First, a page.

Apr 29, 2014

Introduction
Relationships In The Internet Age
The Secrets Inside Social Media Data: Why 2014 Is Not 1989
The Right To Privacy
One Person’s Social Media Timeline Is Another Person’s Treasure Trove Of Evidence
Be Careful What You Post
What Will Come In 25 Years?
Remembering Life Before Social Media

The following is based on true cases, but all the names and places and certain relevant details have been changed to preserve privacy.

Dan Kearney was checking Facebook in the teachers’ lounge when he noticed a surprising friend request. Wow. Katie Ayers? Really?

A rush of memories came back. It was 1989. He was a first-time teacher, barely older than the kids in his class. Katie asked him about poetry, and he bought her a few books. Flirting after class turned into him reading to her down by the lake… and a relationship that was completely inappropriate. She had sent him some perfumed letters and some sexy Polaroids of herself in a bikini, but no other evidence of that relationship existed anywhere. As a parent himself now, Dan thought to himself “it seemed pretty innocent at the time, but in hindsight…”

Just then, Walker Baley burst into the teachers’ lounge. “Dan, are we alone?” Dan closed the laptop and nodded. “Dan, the Principal took my laptop and smart phone. I was able to run to the library to deactivate my Facebook and Twitter accounts. I’ll be OK, right?”

Dan grinned at Walker and said I hope so. The second Walker left the room, Dan deleted his Facebook account as well. Better safe than sorry.

Relationships In The Internet Age

Walker Baley was a lot like Dan had been back in 1989. He was a fresh-faced young teacher with the sun-bronzed good looks and teasing humor of the surfer he was on the weekend.

More than a few girls had a crush on him, and competed openly for his attention. “If you need an A”, the joke at school went, “flirt with Walker B.”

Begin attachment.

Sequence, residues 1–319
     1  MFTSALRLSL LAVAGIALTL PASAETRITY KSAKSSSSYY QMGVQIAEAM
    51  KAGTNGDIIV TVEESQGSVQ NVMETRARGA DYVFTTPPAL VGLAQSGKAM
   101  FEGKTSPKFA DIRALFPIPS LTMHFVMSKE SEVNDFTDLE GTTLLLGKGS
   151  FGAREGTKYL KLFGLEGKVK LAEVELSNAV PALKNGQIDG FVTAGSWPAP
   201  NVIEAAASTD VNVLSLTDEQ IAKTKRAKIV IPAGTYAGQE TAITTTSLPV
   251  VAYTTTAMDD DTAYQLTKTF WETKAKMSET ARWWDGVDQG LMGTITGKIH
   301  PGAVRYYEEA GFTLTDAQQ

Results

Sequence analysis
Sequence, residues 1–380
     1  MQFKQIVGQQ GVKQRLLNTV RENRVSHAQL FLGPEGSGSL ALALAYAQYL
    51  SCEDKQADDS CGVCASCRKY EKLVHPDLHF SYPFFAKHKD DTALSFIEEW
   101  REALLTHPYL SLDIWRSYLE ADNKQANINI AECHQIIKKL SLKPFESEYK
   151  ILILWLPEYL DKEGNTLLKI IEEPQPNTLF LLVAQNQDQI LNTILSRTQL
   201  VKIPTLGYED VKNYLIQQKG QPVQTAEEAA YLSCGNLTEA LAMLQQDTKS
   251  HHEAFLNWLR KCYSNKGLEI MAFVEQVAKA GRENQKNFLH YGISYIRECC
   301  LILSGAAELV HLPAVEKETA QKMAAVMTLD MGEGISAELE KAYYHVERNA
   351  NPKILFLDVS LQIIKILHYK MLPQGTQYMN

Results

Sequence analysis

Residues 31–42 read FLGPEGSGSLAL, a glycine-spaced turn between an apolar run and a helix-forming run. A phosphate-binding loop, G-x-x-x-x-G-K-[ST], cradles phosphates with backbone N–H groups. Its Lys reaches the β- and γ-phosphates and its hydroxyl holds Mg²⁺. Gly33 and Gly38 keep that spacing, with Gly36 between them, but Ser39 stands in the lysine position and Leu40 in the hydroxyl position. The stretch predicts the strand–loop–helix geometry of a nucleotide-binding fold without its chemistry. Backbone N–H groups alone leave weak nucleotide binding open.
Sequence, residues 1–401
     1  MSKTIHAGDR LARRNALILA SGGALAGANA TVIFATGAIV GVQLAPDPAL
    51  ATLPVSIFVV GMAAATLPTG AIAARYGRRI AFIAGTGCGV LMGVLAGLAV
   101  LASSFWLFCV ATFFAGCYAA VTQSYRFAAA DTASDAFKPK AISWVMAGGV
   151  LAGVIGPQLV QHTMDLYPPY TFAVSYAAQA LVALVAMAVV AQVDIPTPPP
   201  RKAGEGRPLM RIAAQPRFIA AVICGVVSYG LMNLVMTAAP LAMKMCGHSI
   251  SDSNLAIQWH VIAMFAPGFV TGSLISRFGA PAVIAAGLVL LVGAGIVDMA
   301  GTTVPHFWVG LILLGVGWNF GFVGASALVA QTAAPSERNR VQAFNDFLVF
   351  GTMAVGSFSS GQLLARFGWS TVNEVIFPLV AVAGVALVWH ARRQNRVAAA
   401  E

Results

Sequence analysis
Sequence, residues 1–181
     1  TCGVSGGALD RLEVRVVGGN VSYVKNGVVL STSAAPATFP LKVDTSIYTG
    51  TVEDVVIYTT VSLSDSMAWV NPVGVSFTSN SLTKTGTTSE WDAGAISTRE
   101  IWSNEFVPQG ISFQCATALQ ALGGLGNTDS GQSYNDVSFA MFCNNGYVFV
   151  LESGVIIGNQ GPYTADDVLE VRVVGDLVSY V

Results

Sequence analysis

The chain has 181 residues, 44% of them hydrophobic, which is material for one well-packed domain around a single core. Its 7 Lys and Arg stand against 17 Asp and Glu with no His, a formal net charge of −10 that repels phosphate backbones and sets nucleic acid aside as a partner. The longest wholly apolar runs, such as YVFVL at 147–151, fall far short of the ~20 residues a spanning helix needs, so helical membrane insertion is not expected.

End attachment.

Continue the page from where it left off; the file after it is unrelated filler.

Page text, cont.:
The Principal cautioned him on more than one occasion about interacting with students off-campus. Absolutely, Walker thought to himself. That’s why we stick to public places.

That weekend, student Sarah Kozelka posted a message to Walker’s Facebook wall saying “Fun bumping into you at the beach today Mr. B! So handsome in your board shorts.”  Walker “liked” her comment.

Sarah’s ex-boyfriend Matt didn’t “like” that exchange one bit. He emailed the photo to Sarah’s Dad with a message that said “I thought you might like to see who Sarah’s spending time with since she dumped me.” The attachment was a photo “selfie” of Sarah and Walker Baley, from her Facebook page.

Mr. Kozelka called the local school board. What exactly did they know about Walker Baley?

The Secrets Inside Social Media Data: Why 2014 Is Not 1989.

The school board had a responsibility to follow up, so they quickly engaged Capsicum to investigate.

The “selfie” with Sarah that her ex-boyfriend showed Sarah’s Dad was completely innocent. The EXIF data (Exchangeable Image File) encoded in the image revealed that the time the photo had been taken was during Mr. Baley’s class, and the location information placed the photo on-campus.

But other evidence was far more troubling. Sarah and Walker checked into the same beach restaurant using Foursquare at the same time for several weeks in a row. Multiple party photos of Walker on Instagram showed Sarah on his arm or in the background, and the EXIF data placed them far off campus on several Saturday nights.

Walker Baley had deactivated his Facebook and Twitter accounts. But, the school board and local authorities pressed Walker Baley to bring his Facebook page up again. Even if he had deleted the account, it would still have been recoverable for up to two weeks afterward.

The Right To Privacy

At first, Baley refused. He had a right, his lawyers claimed, to his privacy.

But, as we’ve seen in similar cases, such as 2013 Ehling v. Monmouth-Ocean Hospital Service Corp, there is no guarantee that your information will remain private.

Moreover, as the decision in the 2010 Romano vs. Steelcase case states, “if the publically available portion of an individual’s social media makes it reasonably likely that the individual’s private posts contain relevant information, the party must produce even the private portions requested.”

Capsicum moved forward and forensically imaged the suspect computer and smartphone to search for web related artifacts, including images, chat logs, keywords, etc. Facebook evidence was found that supported the suspected relationship as well as temporary internet files indicating visits to pornographic websites on the laptop lent to Walker Baley by the school.

Capsicum testified at the hearing as to our findings. Walker Baley was fired for actions “unbecoming of a teacher”.

Sarah unfriended her ex-boyfriend Matt and blocked him on every social media site she could. But it was all too late.